Design isn't just the interface of a mobile app or the user experience of an urban block. What are parents but a design team charged with raising their children to be productive, interesting contributors to society? As more of my friends clone themselves through (hopefully not too rapid) prototyping, I am becoming Unofficial Uncle to several impressionable life forms, and I can't help but think about my late mother's own design principles at work in my life. My mother wasn't a designer, but in hindsight, there's no doubt that I am the product of her design. Her principles:
Respect: With a capital R. My mother insisted my older sister and I respect ourselves and respect others only to the extent that they have earned it. Authority, whether backed by the power of the church or state, did not automatically confer respect.
She showed us respect, too, eschewing baby talk and speaking honestly with us about our family's financial challenges. As with many designers, though, my mother could go too far. I will never forget when she interrupted a soccer game with a friend because I picked up the ball with my hands. "It's soccer!" she said, emphatically explaining the rules. "You have to respect the game." I thought she was kidding. I was wrong.
Exploration: Like most designers, my mother had to operate within certain constraints. In our case, let's call them "resource limitations." But she refused to let them hem in her strong sense of adventure. She manufactured ways to get my sister and me out of our native Washington, D.C., urban environment. I spent countless hours in my early childhood learning to appreciate and play classical music in a youth-orchestra program. We did a lot of camping. My mother even once made her own tofu. (That was a disgusting adventure, but still.) When physical exploration wasn't possible, she encouraged us to expand our minds through reading—everything from political manifestos to comics to epic science-fiction trilogies. By pushing my sister and me to go beyond what was expected or readily available to us, my mother enhanced our sustainability in the world. Or at least made two weird and interesting people to talk to.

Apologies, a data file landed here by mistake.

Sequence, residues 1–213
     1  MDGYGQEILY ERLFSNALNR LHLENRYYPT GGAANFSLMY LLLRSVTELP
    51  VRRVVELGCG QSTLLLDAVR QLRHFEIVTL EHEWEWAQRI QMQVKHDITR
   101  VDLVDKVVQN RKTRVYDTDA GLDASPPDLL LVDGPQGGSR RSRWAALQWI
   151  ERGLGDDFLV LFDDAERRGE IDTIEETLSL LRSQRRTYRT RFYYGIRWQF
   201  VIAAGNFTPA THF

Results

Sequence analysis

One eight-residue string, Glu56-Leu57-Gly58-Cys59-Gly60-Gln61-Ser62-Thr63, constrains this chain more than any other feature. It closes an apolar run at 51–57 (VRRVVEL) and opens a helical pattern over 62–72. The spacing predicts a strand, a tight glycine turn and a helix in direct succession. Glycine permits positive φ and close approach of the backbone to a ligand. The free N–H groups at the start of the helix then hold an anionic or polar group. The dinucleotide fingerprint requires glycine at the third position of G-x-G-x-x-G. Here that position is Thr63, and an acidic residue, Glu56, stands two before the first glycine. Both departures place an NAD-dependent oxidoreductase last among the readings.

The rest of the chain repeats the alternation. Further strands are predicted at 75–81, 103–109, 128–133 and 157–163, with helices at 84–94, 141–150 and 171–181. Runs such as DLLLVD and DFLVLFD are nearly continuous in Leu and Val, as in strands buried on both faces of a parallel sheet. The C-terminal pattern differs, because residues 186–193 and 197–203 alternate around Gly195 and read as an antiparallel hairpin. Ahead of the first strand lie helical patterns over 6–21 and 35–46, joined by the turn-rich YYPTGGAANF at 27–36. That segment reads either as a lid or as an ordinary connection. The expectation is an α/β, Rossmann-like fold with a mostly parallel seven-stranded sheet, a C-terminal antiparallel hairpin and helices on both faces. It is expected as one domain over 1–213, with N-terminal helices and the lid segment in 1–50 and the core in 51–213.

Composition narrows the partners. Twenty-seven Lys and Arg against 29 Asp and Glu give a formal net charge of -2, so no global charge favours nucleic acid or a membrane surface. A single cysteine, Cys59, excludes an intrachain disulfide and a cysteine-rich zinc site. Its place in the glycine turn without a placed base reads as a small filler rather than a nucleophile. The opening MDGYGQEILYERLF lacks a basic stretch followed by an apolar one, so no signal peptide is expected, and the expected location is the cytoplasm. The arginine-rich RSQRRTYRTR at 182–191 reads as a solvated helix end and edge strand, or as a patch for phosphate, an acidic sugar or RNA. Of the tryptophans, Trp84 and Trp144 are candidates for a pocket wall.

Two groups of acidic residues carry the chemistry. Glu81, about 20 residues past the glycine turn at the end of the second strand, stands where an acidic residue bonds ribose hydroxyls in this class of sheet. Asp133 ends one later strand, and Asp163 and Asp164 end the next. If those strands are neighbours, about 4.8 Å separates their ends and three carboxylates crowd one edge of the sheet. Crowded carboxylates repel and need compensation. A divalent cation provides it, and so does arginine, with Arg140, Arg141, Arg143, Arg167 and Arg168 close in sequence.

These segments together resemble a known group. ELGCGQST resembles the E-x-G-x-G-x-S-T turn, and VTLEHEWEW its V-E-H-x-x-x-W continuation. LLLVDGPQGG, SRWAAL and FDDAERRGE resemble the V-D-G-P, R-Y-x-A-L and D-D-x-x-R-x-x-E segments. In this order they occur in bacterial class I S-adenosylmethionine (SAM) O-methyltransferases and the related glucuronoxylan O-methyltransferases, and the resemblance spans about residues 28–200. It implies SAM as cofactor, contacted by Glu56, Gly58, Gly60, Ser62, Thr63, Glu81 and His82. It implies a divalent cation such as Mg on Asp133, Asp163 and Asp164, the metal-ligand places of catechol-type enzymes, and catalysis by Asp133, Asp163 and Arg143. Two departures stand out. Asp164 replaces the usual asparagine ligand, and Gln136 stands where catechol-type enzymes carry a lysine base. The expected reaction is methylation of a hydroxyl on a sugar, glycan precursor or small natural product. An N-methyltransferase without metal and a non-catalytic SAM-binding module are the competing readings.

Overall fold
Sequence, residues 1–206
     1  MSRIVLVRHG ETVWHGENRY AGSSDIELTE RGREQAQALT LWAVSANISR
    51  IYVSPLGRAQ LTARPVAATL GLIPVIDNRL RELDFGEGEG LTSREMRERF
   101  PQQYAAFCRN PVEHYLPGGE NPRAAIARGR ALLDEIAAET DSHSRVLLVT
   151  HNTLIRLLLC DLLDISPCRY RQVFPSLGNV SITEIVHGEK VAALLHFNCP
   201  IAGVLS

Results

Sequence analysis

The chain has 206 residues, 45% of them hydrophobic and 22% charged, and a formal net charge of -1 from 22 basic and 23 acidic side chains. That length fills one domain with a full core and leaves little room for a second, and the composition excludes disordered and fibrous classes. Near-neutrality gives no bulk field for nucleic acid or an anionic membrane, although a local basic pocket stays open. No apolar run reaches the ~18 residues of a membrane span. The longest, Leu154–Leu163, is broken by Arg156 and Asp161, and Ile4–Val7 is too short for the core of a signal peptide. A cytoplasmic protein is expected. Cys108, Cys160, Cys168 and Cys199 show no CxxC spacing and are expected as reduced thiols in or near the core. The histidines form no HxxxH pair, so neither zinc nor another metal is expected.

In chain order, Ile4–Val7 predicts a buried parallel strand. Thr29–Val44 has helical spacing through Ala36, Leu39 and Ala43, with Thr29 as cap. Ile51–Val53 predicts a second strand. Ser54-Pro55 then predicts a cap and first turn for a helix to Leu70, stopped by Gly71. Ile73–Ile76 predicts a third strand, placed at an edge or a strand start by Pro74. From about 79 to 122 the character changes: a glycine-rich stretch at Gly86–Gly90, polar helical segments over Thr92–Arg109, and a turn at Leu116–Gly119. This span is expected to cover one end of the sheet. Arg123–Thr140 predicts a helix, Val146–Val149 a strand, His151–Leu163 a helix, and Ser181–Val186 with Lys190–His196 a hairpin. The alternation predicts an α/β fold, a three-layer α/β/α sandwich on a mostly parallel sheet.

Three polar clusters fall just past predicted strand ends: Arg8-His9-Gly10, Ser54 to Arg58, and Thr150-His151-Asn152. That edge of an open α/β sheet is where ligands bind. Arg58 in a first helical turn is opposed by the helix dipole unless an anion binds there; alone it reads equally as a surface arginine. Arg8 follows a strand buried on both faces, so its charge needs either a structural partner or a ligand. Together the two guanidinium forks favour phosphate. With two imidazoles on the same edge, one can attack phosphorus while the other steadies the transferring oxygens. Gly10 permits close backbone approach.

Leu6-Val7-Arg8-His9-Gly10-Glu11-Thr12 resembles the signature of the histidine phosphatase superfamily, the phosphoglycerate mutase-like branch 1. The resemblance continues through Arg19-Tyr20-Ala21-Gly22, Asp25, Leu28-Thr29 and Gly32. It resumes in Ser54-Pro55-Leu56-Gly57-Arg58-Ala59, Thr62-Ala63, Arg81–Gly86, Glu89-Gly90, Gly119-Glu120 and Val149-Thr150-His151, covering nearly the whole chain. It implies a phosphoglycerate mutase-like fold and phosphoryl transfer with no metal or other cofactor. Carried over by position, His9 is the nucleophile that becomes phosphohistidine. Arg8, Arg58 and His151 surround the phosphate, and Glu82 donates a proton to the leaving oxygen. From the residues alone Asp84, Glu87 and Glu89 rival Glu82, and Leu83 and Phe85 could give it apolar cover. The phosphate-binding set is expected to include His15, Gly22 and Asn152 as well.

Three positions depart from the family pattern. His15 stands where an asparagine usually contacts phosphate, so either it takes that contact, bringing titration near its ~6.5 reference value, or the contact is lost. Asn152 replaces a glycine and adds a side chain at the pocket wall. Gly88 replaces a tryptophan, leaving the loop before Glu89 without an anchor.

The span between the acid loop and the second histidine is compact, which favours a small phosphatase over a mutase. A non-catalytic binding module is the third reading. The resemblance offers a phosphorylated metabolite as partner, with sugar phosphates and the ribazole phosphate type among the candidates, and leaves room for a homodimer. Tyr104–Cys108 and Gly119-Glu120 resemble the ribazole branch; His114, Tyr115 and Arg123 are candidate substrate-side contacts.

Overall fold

Community: When I was in college, I was close to failing a computer-science hardware-design course. I called my mother to solicit sympathy for the great challenge I faced: I needed to build a computer from scratch, but I hadn't really mastered the skills to do so. I was completely lost and scared.
Rather than feel sorry for me, she insisted that I remember that I had survived much worse . . . because she had survived much worse . . . because our ancestors had survived much worse. She put my passing this class in the context of the millions of Africans in America who endured slavery! Were she alive today, she could have glibly responded, "First-world problems." But then I wouldn't have had the benefit of her larger point: I was not alone in any of my struggles. In fact, I was part of a community that extended beyond even the living. And I could draw on that strength to help me through a tough time. And I did.
Designers would do well to embrace this parent-as-designer comparison. There are limits to how much you can control the life of something you've created. What matters is being clear about your principles. Then you can have faith that the final product will turn out fine. Just skip the homemade tofu.
[Illustration by Alvaro Dominguez]
A version of this article appeared in the October 2013 issue of Fast Company magazine.